What to Know
- Three people are dead after two planes collided over the Florida Everglades Tuesday afternoon
- Footage showed the badly damaged planes, a Piper PA-34 and a Cessna 172, in a grassy area of the Everglades
- The wreckage of both planes had the name of local flight school Dean International. The school has been involved in a number of incidents
Rescue crews began the search Wednesday for a fourth possible victim after two small planes collided in midair and crashed in the Florida Everglades in Miami-Dade Tuesday.
The collision happened around 1 p.m. near 22700 Southwest 8th Street about nine miles west of Miami Executive Airport, officials with Miami-Dade Fire Rescue and the FAA said.
Jorge A. Sanchez, 22; Ralph Knight, 72; and Nisha Sejwal, 19, were identified as the victims in the plane crash.
U.S. & World
A preliminary investigation revealed both planes were training flight students, with two people in one plane and two in the other, Miami-Dade police officials said. A search for any additional victims started at sunrise.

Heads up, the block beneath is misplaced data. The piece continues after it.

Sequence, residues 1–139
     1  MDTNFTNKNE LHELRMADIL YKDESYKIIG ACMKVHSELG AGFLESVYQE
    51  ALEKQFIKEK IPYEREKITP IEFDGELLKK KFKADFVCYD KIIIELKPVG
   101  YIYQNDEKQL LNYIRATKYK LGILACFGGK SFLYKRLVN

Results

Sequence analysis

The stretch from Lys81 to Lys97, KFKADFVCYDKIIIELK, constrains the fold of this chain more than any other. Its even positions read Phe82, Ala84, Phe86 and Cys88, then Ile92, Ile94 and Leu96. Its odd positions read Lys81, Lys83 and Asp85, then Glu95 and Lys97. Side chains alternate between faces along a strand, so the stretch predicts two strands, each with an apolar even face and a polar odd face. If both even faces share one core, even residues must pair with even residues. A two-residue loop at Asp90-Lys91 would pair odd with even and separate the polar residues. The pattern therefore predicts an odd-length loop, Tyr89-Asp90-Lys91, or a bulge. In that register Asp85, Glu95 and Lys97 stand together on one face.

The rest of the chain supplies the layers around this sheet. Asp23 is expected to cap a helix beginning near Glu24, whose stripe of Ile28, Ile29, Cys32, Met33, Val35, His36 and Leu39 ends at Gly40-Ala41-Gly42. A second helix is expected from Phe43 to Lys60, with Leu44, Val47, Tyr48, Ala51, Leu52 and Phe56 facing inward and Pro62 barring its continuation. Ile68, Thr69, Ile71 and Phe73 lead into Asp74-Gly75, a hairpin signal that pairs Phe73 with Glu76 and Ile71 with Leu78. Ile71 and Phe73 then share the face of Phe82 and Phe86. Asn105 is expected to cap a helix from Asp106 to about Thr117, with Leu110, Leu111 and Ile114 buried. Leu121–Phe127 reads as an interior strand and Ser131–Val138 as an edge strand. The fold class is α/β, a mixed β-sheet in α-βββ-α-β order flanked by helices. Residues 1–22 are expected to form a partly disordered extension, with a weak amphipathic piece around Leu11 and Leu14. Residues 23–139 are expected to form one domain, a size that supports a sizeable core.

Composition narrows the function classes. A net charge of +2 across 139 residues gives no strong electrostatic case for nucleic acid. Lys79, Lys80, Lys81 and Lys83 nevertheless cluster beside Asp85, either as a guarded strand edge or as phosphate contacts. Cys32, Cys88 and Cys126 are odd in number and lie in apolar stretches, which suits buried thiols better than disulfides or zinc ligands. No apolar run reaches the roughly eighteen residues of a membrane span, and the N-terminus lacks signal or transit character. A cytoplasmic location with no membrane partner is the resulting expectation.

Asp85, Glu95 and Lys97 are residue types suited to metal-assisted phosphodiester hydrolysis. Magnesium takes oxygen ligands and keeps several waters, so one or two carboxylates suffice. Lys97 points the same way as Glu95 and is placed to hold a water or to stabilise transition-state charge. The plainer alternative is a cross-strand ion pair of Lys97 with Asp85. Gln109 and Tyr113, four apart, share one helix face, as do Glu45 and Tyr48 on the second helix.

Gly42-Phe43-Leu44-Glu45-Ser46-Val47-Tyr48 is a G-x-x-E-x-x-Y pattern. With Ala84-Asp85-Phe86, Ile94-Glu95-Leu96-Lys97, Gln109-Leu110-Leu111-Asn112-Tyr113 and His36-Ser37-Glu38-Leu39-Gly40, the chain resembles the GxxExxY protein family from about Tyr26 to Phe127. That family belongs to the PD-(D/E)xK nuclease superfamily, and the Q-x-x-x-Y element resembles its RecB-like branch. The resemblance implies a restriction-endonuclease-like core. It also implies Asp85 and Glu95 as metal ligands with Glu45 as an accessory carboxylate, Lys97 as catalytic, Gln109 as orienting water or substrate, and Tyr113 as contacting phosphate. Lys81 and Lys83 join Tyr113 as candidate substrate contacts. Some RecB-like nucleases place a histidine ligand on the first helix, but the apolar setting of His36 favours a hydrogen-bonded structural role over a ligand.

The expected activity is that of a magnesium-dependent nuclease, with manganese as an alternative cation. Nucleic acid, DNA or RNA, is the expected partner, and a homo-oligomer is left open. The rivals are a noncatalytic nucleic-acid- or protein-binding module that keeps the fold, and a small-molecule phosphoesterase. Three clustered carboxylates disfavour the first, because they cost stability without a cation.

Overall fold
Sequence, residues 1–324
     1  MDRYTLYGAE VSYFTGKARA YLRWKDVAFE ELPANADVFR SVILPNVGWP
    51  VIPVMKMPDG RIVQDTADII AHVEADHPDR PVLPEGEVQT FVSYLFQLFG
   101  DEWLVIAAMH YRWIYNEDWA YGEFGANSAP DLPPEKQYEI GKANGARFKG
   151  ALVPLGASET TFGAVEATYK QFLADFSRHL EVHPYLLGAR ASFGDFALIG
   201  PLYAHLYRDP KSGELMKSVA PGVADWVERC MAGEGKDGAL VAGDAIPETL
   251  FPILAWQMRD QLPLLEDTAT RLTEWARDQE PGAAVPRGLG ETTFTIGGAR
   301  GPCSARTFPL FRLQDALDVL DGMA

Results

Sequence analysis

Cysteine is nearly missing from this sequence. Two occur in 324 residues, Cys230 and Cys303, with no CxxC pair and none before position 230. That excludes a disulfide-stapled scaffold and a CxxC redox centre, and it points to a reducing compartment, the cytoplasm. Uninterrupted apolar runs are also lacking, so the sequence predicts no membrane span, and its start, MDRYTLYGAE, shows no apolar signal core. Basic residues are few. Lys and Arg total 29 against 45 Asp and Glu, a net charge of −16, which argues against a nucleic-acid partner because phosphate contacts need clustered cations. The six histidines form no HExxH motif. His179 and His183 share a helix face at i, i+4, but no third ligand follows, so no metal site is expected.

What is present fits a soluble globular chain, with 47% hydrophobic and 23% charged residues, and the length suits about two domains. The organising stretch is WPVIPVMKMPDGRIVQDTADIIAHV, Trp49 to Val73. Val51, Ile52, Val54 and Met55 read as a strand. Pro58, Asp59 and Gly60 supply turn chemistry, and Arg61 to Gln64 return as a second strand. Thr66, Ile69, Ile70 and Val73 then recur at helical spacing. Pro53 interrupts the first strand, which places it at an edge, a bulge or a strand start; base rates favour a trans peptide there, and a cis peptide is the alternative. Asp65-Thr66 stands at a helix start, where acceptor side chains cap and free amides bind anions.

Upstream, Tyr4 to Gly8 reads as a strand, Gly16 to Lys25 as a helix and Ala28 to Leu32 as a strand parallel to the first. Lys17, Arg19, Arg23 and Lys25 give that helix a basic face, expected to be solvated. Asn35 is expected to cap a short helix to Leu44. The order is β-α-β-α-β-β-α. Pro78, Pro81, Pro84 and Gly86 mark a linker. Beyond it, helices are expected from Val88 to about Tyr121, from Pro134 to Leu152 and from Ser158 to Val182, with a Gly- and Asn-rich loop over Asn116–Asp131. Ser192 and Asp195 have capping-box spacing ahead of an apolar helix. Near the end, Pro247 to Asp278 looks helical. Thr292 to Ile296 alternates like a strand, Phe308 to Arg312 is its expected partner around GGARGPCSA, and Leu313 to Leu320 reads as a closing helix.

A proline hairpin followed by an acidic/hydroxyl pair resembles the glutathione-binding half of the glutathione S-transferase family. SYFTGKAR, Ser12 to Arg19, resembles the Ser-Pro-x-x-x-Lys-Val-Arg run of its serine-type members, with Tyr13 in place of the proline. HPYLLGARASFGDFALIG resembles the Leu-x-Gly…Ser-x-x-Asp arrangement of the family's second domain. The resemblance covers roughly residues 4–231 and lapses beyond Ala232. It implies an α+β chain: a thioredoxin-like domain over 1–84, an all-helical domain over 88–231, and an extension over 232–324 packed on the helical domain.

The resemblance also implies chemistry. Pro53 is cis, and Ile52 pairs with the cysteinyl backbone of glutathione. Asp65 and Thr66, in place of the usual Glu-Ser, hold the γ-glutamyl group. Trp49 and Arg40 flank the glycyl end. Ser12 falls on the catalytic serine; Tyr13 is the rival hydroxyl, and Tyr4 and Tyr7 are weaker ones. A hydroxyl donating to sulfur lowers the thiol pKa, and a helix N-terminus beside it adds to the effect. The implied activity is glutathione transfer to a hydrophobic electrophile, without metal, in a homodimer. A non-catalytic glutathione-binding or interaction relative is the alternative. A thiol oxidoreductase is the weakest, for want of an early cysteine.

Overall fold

Footage showed the badly damaged planes, a Piper PA-34 and a Cessna 172, in a grassy area of the Everglades. Crews responded to the scene by helicopter and airboat to recover the bodies.
The wreckage of both planes had the name of local flight school Dean International on their sides. The school has been involved in a number of incidents involving planes, most recently a crash in the Everglades in May that left two hospitalized.
NBC 6 last year obtained reports by the National Transportation and Safety Board and Federal Aviation Administration of downed planes at Dean International. Since 2007, a total of 29 accidents or incidents have been documented, including five fatalities.
The FAA said they are investigating the crash along with the NTSB.